There are actually two bottlenecks as far as I can tell. Server power and client power. The server has to keep track of each and every thing that each player does and where they are. Apart from that also how each and every player looks and what they've got equipped and everything else that is related to the particular MMO, like loot tables and such things. Of course the server will be overloaded if too many people gather in the same spot (yes there are also several physical servers for each logical game server which is why it doesn't matter much if the population is spread out). This is what usually causes "lag", combined with the connection quality to the server.

The second bottleneck is the client. If the computer you are playing on can't cope with all the graphics information that is happening on screen you will also experience a sort of lag, but this time it's usually called "graphics lag".

I'm not sure if this is what you tried to say in a simpler way. Excuse me for the wall of text. :)
 
"Of course the server will be overloaded if too many people gather in the same spot (yes there are also several physical servers for each logical game server which is why it doesn't matter much if the population is spread out). This is what usually causes "lag", combined with the connection quality to the server."

And that is the only real technical problem here. I am pretty sure Tobold talks about just this effect.
It is problematic and there isn't really a solution available.

Besides, there is also the balance problem which can only be solved with a 3 or more faction ansatz.

This, however, reduces the amount of people available for PvE. A modern MMO should probably try to solve this issue by not making a clear distinction between the factions and thus creating three or more factions for (Open)PvP, but only one faction for PvE.
 
This is such a stupid, terrible solution to the problem.

What about high pop servers? There are bound to be people who aren't able to get into Wintergrasp for a whole week to complete their dailies.

Now you need RNG and good luck to do world pvp, and you might not get in with your friends or guildmates. Terrible on so many levels.
 
What annoys me the most about this is why wasn't the potential problems with Wintergrasp flagged up during testing? If Wintergrasp had launched with the up coming changes it would still have been their best attempt at "open world" pvp (if a place with a queue system can still be called that) but coming now it's a huge step backwards. This second expansion in my eyes has deeply tarnished Blizzards reputation for polish, they haven't suddenly become a bad developer but they are no longer head and shoulders above the pack.

I guess it's too much to hope that all the other "fixes" to Wintergrasp which didn't work and haven't brought any benefits or added enjoyment to the place will be removed.
 
Better to have a few people have a good time then a lot of people a bad, laggy time.
 
I'm not an expert on the subject but I'm pretty sure that it's not working like that. The client (each player) only has direct contact with the server and not the other players. Because of that it's only the server that keeps track of where everyone is and what they are doing and sends that out to every client in the vicinity.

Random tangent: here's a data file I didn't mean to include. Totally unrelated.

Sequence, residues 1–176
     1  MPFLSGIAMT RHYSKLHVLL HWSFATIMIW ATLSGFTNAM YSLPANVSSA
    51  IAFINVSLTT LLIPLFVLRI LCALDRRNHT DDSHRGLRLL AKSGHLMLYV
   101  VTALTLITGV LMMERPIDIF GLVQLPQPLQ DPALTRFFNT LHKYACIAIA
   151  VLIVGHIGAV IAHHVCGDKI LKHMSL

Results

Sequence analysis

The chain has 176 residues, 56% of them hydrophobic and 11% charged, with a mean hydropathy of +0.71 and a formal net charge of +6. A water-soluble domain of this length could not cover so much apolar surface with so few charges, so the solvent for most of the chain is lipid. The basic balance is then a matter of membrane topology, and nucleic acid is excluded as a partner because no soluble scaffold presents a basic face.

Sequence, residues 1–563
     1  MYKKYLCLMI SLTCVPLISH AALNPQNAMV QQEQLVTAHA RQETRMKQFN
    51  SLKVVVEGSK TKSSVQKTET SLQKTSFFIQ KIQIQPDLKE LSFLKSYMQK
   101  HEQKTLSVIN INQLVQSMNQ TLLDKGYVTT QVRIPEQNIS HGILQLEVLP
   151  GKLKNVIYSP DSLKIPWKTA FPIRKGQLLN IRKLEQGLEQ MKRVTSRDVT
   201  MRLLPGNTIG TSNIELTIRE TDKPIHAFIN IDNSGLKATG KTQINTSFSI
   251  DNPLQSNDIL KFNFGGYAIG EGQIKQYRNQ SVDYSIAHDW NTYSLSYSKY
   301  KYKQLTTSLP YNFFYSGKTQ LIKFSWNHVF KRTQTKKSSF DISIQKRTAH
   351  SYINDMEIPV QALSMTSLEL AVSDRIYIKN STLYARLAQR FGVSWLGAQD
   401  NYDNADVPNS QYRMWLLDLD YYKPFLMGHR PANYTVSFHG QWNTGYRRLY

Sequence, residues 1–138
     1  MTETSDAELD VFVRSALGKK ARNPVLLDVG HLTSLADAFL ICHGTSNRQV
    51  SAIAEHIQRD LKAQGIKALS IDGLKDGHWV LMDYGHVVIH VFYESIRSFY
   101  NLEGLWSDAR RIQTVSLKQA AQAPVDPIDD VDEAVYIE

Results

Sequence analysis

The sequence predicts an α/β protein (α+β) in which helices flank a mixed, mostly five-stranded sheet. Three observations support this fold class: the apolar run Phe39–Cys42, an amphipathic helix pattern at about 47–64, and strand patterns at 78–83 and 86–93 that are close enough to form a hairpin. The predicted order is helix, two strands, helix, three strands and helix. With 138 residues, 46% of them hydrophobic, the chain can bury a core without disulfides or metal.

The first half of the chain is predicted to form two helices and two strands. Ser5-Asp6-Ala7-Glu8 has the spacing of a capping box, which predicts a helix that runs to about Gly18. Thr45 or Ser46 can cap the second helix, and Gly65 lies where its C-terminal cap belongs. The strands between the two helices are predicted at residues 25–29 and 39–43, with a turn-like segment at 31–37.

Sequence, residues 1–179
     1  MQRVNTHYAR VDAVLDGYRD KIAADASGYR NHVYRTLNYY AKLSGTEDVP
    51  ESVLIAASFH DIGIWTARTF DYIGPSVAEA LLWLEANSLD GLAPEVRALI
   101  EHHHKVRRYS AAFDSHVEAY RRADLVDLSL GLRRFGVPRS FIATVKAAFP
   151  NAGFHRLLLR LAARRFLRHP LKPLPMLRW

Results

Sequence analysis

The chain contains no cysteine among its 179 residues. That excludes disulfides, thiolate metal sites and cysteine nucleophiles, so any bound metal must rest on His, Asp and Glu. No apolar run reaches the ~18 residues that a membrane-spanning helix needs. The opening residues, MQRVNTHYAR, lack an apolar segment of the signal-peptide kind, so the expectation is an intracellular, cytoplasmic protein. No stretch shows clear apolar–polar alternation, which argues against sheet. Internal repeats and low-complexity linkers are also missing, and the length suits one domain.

Yes, but the server still has to send updates about every player to every player that can potentially be affected by the other players' actions, even if "affected" only means displaying the proper animation. Even if the server consolidates messages, causing each client exchange only one pair of messages with the server, you're still going to end up with something like this:

Client: My player did this.
Server: Ok, the result was this. BTW, Player 2 did that. Player 3 did this. Player 4 did.. ..and player 200 did that.

While that would only cause only 400 physical messages to be sent, that's still a whole lot of logical messages.

You're correct in that this is not really a bandwidth problem. It's a latency problem. The server needs to receive commands from every player in the vicinity, parse those commands, compute the results and send them back to all players, have the players' clients parse the logical messages and update the client's state accordingly. And all that needs to happen within a relatively strict time limit. That time limit depends on the type of game, but for twitch-based combat it's usually less than 100 milliseconds, with 200 being visibly laggy but still playable.
 
Hirvox:
Yes, that's exactly what I mean.

I don't really agree that latency is the problem though. Well, it can be, but with the networks of today it becomes less and less of a problem. It is still a problem however that the servers can't keep up with the workload in situations where a lot of people gather in one spot. That and of course each client having to draw all those graphics at the same time.
 
At least WoW does it 100x times better than the competitors.

Yesterday I had a massive battle in Wintergrasp. Alliance manged to defend against us, but my monitor was full of red text and massive vehicles driving through it.

My graphics card made it a smooth experice - and the card is 1.5years old.

Since my lag is always 200ms where I work (right now) I didn't experience a worse lag at all.
(It is an internet connection by radio transmissions - don't ask .. it's terrible, especially when it rains - but WoW is playable, if only as a healer or (worse) ranged dps)